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Thanks HDYDI Readers.  Because of you, I can write this down and HOPEFULLY I’ll finally, FINALLY remember it.  You don’t know how many times I’ve smacked myself in the head a la “Shoulda hadda V8”  as I’m reminded of this tip.

So read and learn, peeps.  Don’t be me.  Smacking yourself while driving is just not safe.

OK.  Today.  The morning naps were over and Sarah was clamoring for her 18th snack of the day.  “Not plain old raisins, Ma, YOGURT COVERED RAISINS!”



We were housebound yesterday because of the leftover typhoon that hit the west coast and I guess I was still feeling the after effects of early onset cabin fever, because I was seriously over it.  Motherhood, that is.  I was just languishing about in a sea of toys and half crushed Kix, watching Matthew try to smash his sippy cup through the window and listening to Sarah screech about the raisins.  I was frozen in a hellacious moment and hating life.  I even got that, “Should I be a SAHM?” feeling.  (Don’t worry, I shook that off with a quickness.)

I had put a rain cover for the BOB on hold at our local REI, and since I couldn’t walk to the grocery store as planned because of the DOWNPOUR, I figured this was as good a time as any to go pick it up.

Two seconds into the car ride all was well with the world.  They were singing and laughing and dancing in their carseats and I was singing and laughing and dancing right along with them.  I was Happy Mom again!

This is where the self-smackdown came in.  The Reset Button!  Duh.  Whether it’s a major tantrum or just midday doldrums, changing things up with a walk, or a trip the backyard, or a ride in the car will make all the difference in the world.  Like so many other parenting tips, this one seems pretty damn obvious, but in the moment?  It’s anything but.  I just find it so easy to get sucked into the whinyness, the discontent and the overall crankiness and it’s like quicksand.  So….Hard….To…Get….Out….

I think I need to put up post-its all over the house that say “Reset Button”  or even better, “Change it up, Dummy!”  because I can never seem to remember!  It’s usually only out of desperation that I actually implement a change, not out of smart parenting.

It happened again later, too.  We’re not really sure what caused Sarah’s evening tantrum aside from a boycotted afternoon nap, but she screamed for a good 20 minutes.  Actually it might have been longer, but I went for a run.  My husband said he changed her diaper and put her in the crib for a good ole’ fashioned cage match with her brother and she was a new person.  Giggling like you wouldn’t believe and generally acting like nothing had happened.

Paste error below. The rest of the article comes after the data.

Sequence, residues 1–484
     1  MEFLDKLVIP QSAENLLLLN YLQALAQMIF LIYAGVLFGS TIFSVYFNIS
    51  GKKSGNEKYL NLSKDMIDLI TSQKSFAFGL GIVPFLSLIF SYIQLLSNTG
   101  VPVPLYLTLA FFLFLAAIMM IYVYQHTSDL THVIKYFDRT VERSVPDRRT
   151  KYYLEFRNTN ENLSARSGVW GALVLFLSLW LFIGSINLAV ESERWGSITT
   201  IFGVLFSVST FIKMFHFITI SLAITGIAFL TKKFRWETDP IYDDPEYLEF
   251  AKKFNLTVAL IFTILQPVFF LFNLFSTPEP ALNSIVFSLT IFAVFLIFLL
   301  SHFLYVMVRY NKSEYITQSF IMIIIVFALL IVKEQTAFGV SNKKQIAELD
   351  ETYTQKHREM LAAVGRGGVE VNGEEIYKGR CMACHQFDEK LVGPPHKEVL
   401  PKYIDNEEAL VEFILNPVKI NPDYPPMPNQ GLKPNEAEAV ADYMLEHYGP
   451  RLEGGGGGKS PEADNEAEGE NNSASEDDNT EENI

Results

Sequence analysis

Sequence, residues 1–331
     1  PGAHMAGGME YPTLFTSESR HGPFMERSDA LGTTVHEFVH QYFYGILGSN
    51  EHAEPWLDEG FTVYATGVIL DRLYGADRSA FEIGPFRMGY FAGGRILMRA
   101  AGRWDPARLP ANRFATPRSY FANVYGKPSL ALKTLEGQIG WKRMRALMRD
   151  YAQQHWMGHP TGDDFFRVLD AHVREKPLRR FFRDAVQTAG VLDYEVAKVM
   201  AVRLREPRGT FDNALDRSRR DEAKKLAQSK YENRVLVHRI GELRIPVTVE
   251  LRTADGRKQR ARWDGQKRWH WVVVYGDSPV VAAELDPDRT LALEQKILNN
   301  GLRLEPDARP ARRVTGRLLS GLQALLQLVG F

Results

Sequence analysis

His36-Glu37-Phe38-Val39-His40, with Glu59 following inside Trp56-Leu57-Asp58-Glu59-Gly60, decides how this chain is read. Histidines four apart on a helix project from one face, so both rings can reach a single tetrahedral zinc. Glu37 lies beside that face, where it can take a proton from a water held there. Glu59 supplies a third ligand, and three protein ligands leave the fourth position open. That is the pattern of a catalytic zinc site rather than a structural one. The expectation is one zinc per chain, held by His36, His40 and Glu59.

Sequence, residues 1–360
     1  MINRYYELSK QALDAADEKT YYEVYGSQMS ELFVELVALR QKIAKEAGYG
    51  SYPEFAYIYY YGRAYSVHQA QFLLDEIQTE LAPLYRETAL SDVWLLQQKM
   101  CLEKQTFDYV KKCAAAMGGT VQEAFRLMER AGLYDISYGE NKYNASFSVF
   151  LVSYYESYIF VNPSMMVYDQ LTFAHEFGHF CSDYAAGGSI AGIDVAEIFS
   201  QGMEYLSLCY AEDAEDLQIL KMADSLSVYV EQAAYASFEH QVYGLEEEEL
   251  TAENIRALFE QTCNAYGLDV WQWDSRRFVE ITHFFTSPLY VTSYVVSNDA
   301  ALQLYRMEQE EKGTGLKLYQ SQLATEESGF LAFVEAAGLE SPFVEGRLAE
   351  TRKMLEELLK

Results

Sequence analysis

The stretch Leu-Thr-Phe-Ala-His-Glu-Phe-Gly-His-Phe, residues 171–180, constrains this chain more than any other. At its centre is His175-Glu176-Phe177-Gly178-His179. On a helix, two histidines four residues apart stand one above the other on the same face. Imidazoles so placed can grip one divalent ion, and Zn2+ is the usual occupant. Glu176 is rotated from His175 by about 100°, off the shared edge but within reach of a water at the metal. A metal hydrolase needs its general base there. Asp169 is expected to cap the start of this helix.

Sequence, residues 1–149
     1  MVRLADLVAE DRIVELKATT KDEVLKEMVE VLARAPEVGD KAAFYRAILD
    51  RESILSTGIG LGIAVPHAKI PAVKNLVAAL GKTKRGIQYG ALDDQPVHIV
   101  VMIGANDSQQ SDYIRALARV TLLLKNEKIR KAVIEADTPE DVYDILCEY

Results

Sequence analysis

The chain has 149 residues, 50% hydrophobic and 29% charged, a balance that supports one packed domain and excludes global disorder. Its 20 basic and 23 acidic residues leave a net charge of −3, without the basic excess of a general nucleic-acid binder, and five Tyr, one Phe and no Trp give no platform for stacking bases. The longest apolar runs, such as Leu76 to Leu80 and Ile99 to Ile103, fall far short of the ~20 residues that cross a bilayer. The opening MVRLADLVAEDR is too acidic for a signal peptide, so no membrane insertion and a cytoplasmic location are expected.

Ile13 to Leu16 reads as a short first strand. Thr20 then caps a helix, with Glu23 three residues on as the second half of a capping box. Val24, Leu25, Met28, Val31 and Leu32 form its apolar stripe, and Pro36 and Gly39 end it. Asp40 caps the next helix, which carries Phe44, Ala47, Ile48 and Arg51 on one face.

RESET!  Remember it, friends.

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When will I ever learn?  My kids, like so many others have an early bedtime.  This is an absolute godsend at most times, but occasionally it does bite me in the arse. Am I the only fool who tries to pretend bedtime doesn’t exist on some nights?

My dad is visiting from the east coast and yesterday was crazy.  Morning naps went fine, then we went for a walk to the beach.  Then because we were in between events, we tried to nap them in the car.


So the afternoon went on and right at the kids dinnertime we paid a visit to my aunt and uncle, which was only bearable because of some ducks in the stream out back and a seemingly endless supply of Triscuits.  At about 6:15, though, it was decided we should go out to eat.  AT MY FAVORITE RESTAURANT.


I knew it was beyond stupid to agree to the dinner, but everyone was saying, “Oh they’ll be fine, don’t worry.”  Blah blah blah.  Wrong.  It was a complete and utter flop.  They were ok as long as there were some rice and beans to shovel down their gullets, but once they were full it was all over. Flying tortillas, flailing limbs, the whole works.  I quickly changed my order to get it to go, packed up the runts, and headed home.  No socializing, no sangria, no hot meal for me.

Why did I think it would work?  They were already severely undernapped.  What was I thinking?  I guess the answer is that I knew it wouldn’t.  But I went along anyway.  To please my dad?  Maybe, but what’s pleasant about shrieking grandchildren?  To eat at my favorite restaurant?  Well, ok, but it’s down the street from my house, so that excuse doesn’t really fly.